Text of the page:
Sport Remembering Svein Mathisen and Isak Refvik, the first Norwegians to play for Hibs
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True, the month had started with a victory, but the 1-0 win against Strasbourg at Easter Road was in vain as the French side had won the first leg of the UEFA Cup second-round encounter 2-0, and Eddie Turnbull’s men exited Europe.
If there was hope that Hibs could exorcise their European ghosts on the domestic front, a 2-1 derby loss three days later put paid to any optimism.
Four days later Morton were victorious at Cappielow, winning a League Cup quarter-final first leg match 1-0, and St Mirren made it a Renfrewshire double when they won by the same scoreline in Edinburgh on November 11.
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Norway scouting mission
On November 13, two footballers named Isak Arne Refvik and Svein ‘Matta’ Mathisen arrived at the port of Leith, disembarking a ferry from Norway.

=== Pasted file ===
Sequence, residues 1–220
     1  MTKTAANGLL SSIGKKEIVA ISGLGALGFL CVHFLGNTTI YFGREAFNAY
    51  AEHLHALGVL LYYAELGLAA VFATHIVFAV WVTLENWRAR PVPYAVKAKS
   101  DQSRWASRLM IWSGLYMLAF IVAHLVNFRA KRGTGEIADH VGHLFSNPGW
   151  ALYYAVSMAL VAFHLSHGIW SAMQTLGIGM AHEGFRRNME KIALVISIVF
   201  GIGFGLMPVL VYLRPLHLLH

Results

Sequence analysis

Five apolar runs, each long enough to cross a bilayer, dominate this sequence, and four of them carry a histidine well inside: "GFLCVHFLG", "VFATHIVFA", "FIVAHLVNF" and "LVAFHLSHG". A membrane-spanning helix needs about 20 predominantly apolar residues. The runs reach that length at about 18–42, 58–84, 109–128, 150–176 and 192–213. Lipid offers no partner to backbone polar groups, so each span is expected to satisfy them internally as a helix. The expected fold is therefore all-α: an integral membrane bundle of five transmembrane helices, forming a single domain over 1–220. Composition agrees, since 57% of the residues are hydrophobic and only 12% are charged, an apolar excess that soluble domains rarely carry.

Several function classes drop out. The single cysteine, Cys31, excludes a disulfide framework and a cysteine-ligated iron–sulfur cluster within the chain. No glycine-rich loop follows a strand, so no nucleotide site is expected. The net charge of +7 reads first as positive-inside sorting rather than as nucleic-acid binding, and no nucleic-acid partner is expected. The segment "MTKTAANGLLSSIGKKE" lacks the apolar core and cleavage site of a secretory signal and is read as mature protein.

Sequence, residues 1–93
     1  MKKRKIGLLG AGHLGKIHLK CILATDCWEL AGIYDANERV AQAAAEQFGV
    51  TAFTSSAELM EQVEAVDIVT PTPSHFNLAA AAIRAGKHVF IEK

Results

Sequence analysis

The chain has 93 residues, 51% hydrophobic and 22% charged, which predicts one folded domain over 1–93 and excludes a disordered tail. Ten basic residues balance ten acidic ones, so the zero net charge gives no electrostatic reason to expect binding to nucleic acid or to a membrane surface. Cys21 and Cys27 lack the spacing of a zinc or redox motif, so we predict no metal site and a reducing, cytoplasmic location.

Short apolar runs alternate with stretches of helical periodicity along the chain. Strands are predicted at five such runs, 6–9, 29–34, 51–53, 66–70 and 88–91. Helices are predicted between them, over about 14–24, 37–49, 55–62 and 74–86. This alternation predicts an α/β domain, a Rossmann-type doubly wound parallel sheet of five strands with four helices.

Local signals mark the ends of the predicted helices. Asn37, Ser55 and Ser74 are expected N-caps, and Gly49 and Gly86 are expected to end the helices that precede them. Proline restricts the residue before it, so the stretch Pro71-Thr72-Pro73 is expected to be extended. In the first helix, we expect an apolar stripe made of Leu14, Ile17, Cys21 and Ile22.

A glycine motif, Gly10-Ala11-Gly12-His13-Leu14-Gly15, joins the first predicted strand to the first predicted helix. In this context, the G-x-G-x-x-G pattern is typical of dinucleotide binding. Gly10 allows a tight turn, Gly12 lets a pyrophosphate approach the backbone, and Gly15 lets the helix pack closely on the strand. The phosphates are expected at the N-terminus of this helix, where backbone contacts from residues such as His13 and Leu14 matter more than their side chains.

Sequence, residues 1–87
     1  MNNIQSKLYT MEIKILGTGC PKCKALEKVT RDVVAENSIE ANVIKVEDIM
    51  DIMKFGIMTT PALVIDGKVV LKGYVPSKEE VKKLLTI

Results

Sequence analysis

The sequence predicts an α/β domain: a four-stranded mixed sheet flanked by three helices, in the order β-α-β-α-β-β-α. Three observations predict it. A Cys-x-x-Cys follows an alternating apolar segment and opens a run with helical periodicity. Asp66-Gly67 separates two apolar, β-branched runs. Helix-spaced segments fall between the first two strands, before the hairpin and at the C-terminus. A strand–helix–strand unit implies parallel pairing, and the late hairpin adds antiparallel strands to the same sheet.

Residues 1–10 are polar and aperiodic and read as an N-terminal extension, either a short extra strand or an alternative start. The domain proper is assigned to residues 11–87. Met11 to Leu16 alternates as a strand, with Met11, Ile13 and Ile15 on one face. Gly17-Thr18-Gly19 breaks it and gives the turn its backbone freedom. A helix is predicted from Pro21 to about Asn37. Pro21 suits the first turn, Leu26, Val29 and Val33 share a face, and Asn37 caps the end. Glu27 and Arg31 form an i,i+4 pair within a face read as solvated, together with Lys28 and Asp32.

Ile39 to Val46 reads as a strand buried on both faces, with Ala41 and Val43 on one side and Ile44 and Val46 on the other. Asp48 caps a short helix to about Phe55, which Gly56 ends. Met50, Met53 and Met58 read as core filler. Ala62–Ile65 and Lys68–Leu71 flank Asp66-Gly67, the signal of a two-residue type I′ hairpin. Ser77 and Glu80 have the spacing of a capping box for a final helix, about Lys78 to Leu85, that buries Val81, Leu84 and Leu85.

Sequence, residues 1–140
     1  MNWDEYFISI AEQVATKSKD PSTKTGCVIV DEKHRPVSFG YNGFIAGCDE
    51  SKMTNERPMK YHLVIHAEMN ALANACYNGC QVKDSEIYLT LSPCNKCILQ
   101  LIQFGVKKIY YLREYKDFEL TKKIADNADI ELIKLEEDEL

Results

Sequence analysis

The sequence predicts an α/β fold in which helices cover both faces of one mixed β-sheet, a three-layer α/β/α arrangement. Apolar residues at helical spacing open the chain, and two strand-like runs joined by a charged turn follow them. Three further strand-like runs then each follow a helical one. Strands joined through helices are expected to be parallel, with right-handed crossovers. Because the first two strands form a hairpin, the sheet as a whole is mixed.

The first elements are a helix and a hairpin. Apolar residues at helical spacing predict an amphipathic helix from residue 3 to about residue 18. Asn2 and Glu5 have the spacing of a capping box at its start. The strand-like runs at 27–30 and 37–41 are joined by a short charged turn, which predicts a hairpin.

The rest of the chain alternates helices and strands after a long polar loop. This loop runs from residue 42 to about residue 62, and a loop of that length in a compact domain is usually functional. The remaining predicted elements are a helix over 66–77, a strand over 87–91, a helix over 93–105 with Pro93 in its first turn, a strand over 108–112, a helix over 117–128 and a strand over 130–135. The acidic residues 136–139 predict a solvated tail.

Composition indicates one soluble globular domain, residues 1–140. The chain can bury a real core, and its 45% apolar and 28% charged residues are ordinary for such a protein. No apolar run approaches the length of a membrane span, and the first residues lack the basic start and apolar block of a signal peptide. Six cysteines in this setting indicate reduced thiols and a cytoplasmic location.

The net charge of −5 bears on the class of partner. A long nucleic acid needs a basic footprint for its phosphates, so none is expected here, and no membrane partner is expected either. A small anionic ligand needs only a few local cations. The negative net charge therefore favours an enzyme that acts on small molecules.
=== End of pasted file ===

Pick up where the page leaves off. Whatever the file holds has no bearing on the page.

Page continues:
Refvik, a mechanic hailing from near Bergen, had been playing for Viking Stavanger while Sauda-born school teacher and winger Mathisen was a fans’ favourite at Kristiansand side IK Start and had just helped them to a maiden league title.
Hibs had been tracking both players for some time and invited them to Edinburgh for the Strasbourg game. When that didn't pan out, manager Eddie Turnbull and director Tommy Younger jetted out to Stavanger in a bid to seal the deal in the first week of November.
Although the Norwegian season had ended, Mathisen had been playing for the international team – including a game against Scotland at Hampden the previous month – while Refvik had featured for Norway’s Under-21s, coincidentally in a 5-1 loss at Easter Road a couple of weeks earlier, so the pair were fit enough to play right away.